Yardi Matrix has downwardly revised its forecasts for national multifamily rent growth, although the commercial real estate data firm by and large maintains a rosy outlook in regard to sector fundamentals.
The company now expects rent growth of 2.9% by the end of the year, down from 3.2% growth in its previous multifamily forecast in June. Next year’s rent growth outlook has been downgraded as well, sliding from 3.5% in the prior forecast to 2.8%. Yardi projects rents to pick up after the conclusion of a recession, with average increases in asking rents of 3.5% to 4% for a few years starting in 2025.
The downgrades reflect Yardi’s expectation of a minor recession in 2024 as more consumers begin to feel the impacts of Federal Reserve rate increases. Additionally, rents are expected to step back in many Southern markets for the rest of this year. In fact, some markets across the country that are replete with supply, including Austin; Boise, Idaho; and the southwest Florida coast, may be headed for rent decreases by the end of 2023. Yardi, however, expects the magnitude of any negative rent growth to be allayed by the challenging financing environment, which will likely stall some future expected deliveries and hinder further supply additions.
Despite the anticipated slowdowns, Yardi remains fairly optimistic in its near- to medium-term perspective. As of August, 16 of the key markets tracked by Yardi had asking rents that have declined since the beginning of 2023. Only nine of these 16 — urban and suburban Atlanta; Austin; Boise; Orlando; Phoenix; Portland, Oregon; San Antonio; and southwest Florida — saw negative month-over-month growth in August. Meanwhile, three of the 16 — metro Los Angeles; the east San Francisco Bay area; and Wilmington, Delaware — actually saw rents increase by more than 50 basis points month over month.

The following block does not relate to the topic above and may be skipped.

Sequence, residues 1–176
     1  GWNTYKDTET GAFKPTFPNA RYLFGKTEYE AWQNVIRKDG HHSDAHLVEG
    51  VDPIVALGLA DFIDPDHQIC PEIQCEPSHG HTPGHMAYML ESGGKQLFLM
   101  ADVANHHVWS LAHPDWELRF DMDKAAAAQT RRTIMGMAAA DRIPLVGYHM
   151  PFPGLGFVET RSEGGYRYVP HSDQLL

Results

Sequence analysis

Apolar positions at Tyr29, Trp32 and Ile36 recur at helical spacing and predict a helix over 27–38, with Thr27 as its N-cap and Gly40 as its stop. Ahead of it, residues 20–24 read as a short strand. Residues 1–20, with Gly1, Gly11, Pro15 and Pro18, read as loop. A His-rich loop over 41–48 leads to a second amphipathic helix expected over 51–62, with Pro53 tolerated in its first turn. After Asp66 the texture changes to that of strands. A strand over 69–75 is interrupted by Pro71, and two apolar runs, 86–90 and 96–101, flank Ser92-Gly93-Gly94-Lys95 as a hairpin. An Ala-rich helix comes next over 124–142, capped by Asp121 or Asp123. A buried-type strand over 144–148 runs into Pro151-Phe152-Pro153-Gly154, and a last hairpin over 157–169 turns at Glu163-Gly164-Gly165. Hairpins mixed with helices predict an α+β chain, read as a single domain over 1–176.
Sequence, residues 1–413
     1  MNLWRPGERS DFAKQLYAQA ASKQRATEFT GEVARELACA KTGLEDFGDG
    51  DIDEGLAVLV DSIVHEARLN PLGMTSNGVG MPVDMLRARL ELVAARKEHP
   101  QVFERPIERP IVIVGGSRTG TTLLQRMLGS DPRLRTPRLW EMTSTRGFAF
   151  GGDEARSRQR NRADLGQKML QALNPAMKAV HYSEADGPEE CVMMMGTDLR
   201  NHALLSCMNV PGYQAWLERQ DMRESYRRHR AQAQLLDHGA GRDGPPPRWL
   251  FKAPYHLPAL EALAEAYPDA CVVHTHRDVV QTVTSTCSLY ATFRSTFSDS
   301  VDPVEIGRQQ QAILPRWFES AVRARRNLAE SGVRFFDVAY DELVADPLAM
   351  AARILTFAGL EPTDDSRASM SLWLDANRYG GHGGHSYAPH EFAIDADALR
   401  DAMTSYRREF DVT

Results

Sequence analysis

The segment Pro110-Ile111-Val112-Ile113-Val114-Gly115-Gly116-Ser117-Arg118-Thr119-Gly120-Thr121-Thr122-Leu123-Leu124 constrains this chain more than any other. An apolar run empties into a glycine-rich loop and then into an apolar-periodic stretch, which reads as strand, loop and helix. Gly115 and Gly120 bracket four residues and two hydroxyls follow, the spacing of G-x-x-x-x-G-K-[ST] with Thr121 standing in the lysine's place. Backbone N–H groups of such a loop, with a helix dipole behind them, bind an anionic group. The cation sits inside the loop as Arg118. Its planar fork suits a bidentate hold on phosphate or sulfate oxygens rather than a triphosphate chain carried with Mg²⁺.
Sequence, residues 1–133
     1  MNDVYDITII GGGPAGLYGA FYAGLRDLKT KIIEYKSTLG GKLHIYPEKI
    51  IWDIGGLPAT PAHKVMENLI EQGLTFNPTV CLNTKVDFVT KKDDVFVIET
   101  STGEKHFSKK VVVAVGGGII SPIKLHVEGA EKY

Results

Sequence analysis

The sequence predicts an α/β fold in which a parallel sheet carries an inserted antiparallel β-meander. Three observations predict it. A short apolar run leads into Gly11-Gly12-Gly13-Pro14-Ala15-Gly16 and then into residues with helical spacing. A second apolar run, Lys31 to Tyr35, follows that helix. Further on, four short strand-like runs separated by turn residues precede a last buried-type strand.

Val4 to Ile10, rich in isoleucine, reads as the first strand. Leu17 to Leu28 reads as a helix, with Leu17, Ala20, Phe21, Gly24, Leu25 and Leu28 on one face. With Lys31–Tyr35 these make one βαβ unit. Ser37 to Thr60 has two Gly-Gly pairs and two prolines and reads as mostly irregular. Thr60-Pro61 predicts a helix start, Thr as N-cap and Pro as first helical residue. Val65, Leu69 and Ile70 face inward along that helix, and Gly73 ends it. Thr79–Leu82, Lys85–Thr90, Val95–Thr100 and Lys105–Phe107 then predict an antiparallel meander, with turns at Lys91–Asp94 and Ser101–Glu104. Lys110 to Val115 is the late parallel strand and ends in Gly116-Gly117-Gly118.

Many of these 16 markets are grappling with the aforementioned problem of too much supply, but an inventory glut doesn’t necessarily signal market weakness, according to Yardi. Rather, these areas are simply “catching up in their efforts to meet the unexpected surge in demand brought during the pandemic, and operators are competing with each other to fill new units by trying to offer comparatively more attractive prices,” wrote Yardi senior research analyst Andrew Semmes.